Minneapolis Police officer Mark Hanneman shot and killed Amir Locke while serving a no knock warrant on his home a couple days ago. Body camera footage has since been released (embedded below) showing police open the front door with a key, yell "police search warrant" several times, Locke who'd obviously been sleeping under a blanket on his couch appeared to have been startled by the intrusion, grabbed his gun, and was shot dead. At no point did Locke point his gun at officers or otherwise attempt to use it against them. Locke seemed like somebody that responded defensively to being suddenly woken up in the worst possible way before he could possibly figure out what was really going on. Officers yelled commands including "show me your hands" and "get on the ground" but never told him to drop his gun. Still, it will be difficult to hold any of these officers accountable in a court of law.
Hanneman's Likely Defense
We think we already know what defense Hanneman is going to raise if by some slim chance he is criminally charged. He will say that he was asked to assist fellow officers with serving a search warrant, that he encountered an armed man during service of the warrant, the man did not comply with orders to show his hands or get on the ground, and he didn't have time do anything else before being forced to choose between opening fire and giving Locke the opportunity to shoot him. Claims against officers are legally required to be viewed from the point of view of a reasonable officer at the time without the benefit of hindsight. That means that you have to put yourself in Hanneman's shoes at the time he pulled the trigger and anything Hanneman should but didn't know about Locke at the time cannot be considered. Certainly someone should have done their homework and that person is more to blame for this than Hanneman.
Whose Fault is This?
We don't know who the target of the search warrant was, but the media has reported that the warrant itself was linked to a homicide case in a neighboring jurisdiction and Locke was not the target. The warrant itself has not been released to the media and we are not sure whose apartment it was. We don't think it was Locke's apartment mainly because the media keeps referring to the scene of the crime as "a downtown apartment" and never call it "his apartment." The fact that Locke appears to have been spending the night on the couch supports the theory that it was not his apartment because he would have been sleeping in bed if that were the case (unless he had a girlfriend that made him sleep on the couch of course). This will make it harder to blame investigators because although they are expected to figure out who lives in a dwelling and how that dwelling relates to their investigation before asking a judge for a search warrant, they are not expected to know if there is a random dude on the couch. If the investigator can show that the warrant was valid he too is probably off the hook. We honestly don't know if it was a valid warrant or not. Thus far the media does not seem to be alleging that officers had the wrong house. They're just saying that the victim was not named in the warrant or otherwise expected to be there. One might wonder if police had conducted better surveillance they might have known that there was a random dude in the apartment and wait for him to leave or at least make sure to keep him safe upon entry.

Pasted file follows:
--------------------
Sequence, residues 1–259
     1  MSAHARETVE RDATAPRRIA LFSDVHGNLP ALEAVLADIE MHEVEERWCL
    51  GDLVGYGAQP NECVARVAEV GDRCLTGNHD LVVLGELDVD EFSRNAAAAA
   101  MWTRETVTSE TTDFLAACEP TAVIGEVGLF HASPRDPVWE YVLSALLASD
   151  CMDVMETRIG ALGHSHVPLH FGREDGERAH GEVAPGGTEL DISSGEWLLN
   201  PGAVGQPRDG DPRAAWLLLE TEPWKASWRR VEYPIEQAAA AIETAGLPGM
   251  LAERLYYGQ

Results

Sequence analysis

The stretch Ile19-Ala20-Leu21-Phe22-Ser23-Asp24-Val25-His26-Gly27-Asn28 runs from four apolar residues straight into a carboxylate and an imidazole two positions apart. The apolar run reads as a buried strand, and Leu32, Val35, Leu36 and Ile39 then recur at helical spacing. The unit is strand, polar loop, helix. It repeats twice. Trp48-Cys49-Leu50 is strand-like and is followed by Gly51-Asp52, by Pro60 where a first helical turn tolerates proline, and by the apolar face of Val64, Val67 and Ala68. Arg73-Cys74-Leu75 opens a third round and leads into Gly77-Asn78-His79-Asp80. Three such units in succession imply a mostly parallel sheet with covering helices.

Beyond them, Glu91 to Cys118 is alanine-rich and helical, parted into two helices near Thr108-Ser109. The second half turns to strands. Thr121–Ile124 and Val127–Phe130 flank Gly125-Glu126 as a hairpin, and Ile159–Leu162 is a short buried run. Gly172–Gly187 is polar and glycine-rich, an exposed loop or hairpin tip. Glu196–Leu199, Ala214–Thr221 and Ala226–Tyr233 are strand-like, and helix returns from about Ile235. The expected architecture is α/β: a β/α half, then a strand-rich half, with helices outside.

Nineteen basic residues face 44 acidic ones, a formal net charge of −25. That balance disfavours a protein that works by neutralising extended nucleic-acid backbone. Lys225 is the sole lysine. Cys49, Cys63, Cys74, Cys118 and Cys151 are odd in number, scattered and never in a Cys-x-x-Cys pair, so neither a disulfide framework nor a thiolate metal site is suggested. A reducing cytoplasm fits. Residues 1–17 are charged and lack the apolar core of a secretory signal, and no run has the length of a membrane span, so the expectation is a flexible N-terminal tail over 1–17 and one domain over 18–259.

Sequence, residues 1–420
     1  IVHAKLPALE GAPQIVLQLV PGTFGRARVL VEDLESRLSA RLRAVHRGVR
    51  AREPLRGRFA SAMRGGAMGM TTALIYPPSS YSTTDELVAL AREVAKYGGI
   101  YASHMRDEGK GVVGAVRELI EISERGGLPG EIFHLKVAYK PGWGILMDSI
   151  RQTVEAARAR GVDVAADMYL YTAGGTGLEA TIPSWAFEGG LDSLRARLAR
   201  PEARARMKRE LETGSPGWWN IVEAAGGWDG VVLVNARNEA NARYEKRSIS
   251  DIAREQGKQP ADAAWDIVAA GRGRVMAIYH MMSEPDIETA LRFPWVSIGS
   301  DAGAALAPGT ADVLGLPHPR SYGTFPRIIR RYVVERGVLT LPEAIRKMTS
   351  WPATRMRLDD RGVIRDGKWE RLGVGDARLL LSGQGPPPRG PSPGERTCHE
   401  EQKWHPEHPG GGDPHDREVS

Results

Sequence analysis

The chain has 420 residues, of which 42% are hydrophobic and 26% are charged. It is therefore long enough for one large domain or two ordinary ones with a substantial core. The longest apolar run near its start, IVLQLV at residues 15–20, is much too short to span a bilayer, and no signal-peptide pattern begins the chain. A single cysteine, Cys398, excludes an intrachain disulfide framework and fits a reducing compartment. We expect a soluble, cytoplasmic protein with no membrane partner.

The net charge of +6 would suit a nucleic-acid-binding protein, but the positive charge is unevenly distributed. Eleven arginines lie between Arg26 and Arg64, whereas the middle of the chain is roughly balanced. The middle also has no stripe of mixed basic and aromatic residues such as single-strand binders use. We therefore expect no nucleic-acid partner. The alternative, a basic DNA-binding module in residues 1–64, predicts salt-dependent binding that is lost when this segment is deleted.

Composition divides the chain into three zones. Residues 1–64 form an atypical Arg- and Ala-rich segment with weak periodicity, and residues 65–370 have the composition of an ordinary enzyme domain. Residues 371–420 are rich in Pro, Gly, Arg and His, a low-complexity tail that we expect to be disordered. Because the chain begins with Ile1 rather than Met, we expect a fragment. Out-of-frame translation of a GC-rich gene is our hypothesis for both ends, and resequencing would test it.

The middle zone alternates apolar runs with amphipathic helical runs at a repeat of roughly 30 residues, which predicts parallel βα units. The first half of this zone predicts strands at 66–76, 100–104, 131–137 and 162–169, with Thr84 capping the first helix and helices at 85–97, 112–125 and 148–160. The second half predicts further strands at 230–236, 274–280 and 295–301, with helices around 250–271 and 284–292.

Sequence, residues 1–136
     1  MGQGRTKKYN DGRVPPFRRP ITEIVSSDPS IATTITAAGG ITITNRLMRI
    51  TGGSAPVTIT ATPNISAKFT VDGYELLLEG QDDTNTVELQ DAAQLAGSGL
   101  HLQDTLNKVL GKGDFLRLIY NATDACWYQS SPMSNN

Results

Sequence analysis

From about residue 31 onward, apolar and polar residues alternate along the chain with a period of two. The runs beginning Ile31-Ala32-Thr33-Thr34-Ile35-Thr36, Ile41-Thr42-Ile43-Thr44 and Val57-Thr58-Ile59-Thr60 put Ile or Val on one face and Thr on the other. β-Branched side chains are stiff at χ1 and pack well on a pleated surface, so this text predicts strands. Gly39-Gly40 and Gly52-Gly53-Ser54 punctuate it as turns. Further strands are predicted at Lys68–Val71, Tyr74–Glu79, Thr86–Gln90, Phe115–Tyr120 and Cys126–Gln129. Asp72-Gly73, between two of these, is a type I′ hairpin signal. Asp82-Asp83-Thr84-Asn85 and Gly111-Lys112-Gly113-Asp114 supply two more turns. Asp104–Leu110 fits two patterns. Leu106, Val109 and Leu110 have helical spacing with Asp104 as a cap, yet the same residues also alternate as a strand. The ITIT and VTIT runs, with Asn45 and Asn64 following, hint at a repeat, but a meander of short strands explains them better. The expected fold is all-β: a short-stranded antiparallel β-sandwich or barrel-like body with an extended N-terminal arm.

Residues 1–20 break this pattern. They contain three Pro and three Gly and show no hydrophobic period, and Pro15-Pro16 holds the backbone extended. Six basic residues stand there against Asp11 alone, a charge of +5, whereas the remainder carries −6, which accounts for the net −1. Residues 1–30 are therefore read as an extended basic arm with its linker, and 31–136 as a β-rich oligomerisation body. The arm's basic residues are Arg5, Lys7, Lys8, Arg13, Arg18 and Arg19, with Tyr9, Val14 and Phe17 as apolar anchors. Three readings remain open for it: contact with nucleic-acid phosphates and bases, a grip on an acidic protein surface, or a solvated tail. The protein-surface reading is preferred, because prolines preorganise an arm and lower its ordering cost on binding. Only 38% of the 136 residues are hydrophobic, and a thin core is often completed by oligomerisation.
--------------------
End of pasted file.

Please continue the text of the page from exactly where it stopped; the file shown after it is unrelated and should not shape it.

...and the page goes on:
Again, the courts are required to view this from the point of view of a reasonable officer at the time. That goes for Hanneman as well as the investigator(s). That said did Hanneman have other means to subdue Locke? Could he have used a taser or other less than lethal weapon? We don't think a taser is sufficient for dealing with someone armed with a gun. Using a taser in a gun fight is like brining a knife to a gun fight. Everything happened so quickly that Hanneman can probably say honestly that he did what he was trained to do. A SWAT officer is not like a normal officer. They are trained that the situation they're going into is probably more dangerous than most. They are basically assault teams that should not be deployed unless absolutely necessary, but police departments still use them liberally for things like no knock warrants or protests even when there are no known dangers. You can't blame a wolf for eating everything in a hen house because he is just being a wolf, but if someone put that wolf in there you can certainly blame them. Perhaps the true culprit here is police policy.
We believe that the no knock warrant contributed more to Locke's death than officer Hanneman personally. We say that because had Hanneman knocked on the door it would have woken Locke and Locke would have likely done everything he could not to appear threatening. You can't blame someone who is suddenly woken from a deep slumber for reaching for a gun or not being able to promptly follow police commands. At the same time it is difficult to blame an individual officer that was in a situation that would make any reasonable person fear for their safety. The question for us then turns to the cause of the no knock warrant and the policy of allowing them in the first place.
The judge issued two warrants. One was a no knock warrant and the other was a regular warrant, so who decided to use the no knock warrant instead of the regular one? If that person was Hanneman then he has some serious explaining to do and we would say that his incompetent decision to use the no knock warrant was the driving force behind him shooting of an innocent person, so he should be liable for his death. However, the decision was probably made by someone further up the chain of command.
If no knock warrants are to be allowed at all then heightened scrutiny must be required. Officers should not be able to obtain a no knock warrant unless they can demonstrate to the court a credible threat to their safety that would make knocking exceptionally dangerous. They should not be passed out like Halloween candy to any officer that might want the option of not knocking.